An effort to amend Alabama’s
constitution has died in the state’s House. It sought to levy an additional ad
valorem tax on motor vehicles to improve transit in Jefferson County, which
House lawmakers voted 49-6 for the
referendum, with several members not voting. Proposed constitutional amendments
require 63 yes votes to pass the chamber.
The bill called for raising about
$40 million to expand bus service, add dedicated transit lanes to highways,
build park-and-ride lots and resume trolley service in Birmingham.
Sponsored by Rep. George Perdue,
D-Birmingham, HB512 was designed to provide a steady funding source to secure
more than $80 million in transit funding that U.S. Sen. Richard Shelby, R-AL,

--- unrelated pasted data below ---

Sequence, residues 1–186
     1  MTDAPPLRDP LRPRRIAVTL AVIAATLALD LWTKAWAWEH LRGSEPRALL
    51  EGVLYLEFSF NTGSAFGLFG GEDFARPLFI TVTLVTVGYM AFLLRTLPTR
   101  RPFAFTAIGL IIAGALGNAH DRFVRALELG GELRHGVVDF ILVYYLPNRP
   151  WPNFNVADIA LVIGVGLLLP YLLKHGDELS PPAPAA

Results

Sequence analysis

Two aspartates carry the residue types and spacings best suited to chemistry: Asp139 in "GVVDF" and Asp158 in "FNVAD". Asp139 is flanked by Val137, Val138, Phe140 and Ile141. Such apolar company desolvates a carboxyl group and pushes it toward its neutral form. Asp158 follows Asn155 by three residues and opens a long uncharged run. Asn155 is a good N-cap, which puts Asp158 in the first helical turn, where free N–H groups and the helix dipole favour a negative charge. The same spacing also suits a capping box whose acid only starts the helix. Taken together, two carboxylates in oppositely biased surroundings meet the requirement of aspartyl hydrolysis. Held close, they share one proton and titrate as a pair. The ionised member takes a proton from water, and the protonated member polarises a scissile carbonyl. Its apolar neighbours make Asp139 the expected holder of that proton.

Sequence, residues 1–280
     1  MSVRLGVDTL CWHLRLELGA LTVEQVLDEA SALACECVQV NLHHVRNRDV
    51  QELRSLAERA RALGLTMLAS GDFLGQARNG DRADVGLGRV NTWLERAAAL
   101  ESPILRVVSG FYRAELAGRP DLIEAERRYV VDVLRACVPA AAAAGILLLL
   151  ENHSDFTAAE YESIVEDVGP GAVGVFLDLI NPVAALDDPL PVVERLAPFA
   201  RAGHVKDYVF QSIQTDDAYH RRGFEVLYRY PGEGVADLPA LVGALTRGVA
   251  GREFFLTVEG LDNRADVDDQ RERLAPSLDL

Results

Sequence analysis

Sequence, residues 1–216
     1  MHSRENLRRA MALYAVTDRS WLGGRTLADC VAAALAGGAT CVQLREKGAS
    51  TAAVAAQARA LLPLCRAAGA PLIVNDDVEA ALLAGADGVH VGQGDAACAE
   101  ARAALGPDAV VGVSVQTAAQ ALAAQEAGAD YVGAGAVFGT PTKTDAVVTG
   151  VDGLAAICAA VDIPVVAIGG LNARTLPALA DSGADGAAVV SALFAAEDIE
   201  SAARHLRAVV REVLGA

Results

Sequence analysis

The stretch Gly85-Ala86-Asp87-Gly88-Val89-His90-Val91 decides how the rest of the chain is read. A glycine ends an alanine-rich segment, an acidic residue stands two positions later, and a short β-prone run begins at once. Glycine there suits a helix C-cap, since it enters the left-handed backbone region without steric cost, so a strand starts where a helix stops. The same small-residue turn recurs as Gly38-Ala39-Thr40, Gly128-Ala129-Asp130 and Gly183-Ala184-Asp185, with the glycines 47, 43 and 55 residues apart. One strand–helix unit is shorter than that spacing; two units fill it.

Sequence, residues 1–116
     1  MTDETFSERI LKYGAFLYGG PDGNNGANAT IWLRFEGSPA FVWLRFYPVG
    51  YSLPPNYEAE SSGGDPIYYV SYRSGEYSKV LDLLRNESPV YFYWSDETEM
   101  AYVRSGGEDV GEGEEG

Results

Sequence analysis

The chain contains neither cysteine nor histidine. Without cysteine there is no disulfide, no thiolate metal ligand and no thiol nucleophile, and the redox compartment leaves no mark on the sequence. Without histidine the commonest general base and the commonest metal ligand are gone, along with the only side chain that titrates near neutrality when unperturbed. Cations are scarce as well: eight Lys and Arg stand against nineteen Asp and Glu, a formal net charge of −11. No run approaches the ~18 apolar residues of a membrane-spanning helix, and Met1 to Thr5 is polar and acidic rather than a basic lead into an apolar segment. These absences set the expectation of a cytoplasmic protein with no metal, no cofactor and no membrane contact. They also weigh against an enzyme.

has set aside, The Birmingham News reported. Federal transit
funding could reach $750 million in the next decade.
Supporters of the measure say
improved transit is needed to get more people to jobs and school. Opponents
said the bill is designed to strip money and power away from Birmingham and
allow the suburbs to control the transit system.
Perdue’s bill would have increased
tag fees for commercial vehicles by 5 percent and fees for personal vehicles
would have gone up 3.75 percent. Fees, which would have been tax-deductible,
would have been based on the vehicle’s taxable value.
It required local voter approve to